Bash starts falling for Mary, though he tries to keep it under wraps because she's marrying his brother.
Through a series of events that are meant to save Francis, the heir apparent gets ousted from his own castle, while the king attempts to legitimize Bash and have him become the next ruler of France. Since Mary is destined to marry the future king of France, her betrothal is carried over to make her engaged to Bash.
Since the two had already acknowledged their feelings for one another, they weren't exactly unhappy with this change in circumstances, and didn't bother holding back their affection, especially once Francis left the castle.
The series of episodes that came from this story line were great, with Bash and Mary getting closer all the time. Bash saved her several times, in several different ways, including when the Queen, Francis' mother, almost poisoned Mary.
Once again, I was on board with a ship that I knew couldn't last. Yes, Mary and Francis are good together, and I knew that somehow things would all turn around to bring them back together, but I thought Mary's relationship with Bash was so much better. The chemistry was hotter and Bash would do something that Francis never would: always put Mary first, even before the crown.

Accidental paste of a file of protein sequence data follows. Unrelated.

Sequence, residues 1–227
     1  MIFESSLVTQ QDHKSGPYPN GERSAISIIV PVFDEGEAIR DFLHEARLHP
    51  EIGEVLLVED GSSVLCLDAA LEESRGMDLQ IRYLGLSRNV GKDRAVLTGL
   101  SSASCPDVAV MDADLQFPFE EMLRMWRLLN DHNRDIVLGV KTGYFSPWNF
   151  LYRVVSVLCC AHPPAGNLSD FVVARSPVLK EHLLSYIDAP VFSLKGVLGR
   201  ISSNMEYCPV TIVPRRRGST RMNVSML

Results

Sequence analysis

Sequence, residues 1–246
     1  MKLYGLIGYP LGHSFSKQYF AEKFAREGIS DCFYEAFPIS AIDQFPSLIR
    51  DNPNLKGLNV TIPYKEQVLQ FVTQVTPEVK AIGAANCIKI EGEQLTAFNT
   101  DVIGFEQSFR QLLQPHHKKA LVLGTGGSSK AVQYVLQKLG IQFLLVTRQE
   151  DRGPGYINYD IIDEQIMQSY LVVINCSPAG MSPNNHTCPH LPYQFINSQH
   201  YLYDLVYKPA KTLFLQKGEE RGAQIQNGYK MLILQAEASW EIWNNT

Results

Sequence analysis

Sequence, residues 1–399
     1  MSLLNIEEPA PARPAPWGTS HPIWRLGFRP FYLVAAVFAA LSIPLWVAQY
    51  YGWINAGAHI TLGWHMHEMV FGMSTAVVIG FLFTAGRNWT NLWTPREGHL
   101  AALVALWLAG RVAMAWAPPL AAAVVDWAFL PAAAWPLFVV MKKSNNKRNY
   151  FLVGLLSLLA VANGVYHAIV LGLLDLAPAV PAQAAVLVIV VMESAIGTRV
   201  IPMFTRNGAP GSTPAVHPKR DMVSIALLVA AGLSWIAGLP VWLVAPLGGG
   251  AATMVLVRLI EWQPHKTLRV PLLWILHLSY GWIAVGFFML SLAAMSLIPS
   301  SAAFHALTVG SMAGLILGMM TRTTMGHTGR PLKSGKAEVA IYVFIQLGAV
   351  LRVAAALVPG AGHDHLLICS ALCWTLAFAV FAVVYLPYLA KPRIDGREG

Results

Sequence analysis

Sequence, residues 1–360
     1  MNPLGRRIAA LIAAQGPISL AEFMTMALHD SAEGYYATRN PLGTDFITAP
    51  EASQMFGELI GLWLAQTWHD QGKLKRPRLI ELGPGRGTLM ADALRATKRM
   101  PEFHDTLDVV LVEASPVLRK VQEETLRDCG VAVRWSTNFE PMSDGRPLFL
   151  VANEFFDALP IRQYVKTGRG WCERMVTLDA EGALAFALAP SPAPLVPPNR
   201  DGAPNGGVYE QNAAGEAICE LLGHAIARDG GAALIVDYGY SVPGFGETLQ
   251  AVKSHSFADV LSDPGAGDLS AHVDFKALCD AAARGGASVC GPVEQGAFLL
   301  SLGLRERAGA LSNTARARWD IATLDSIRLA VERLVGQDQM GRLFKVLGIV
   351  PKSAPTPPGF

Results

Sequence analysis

In some ways, this series has been able to do things others have not. As a future King and Queen, after Francis and Mary were married, the consummation of their union had to be witnessed. As punishment and a lesson, the King forced Bash into the room along with all the other officials who had to be present. I know this at least is actually accurate history-wise, but I totally cringed through that scene. And poor Bash, forced to see the woman he loves become intimate with his brother.
After that, Bash tried to bow out gracefully, despite the fact that he so obviously loved Mary, but events kept drawing him back to the castle, no matter how many times he said he was leaving for good.
For a while, Bash and Francis were at odds over what happened, and Francis was quite obviously jealous despite the fact that he had married Mary.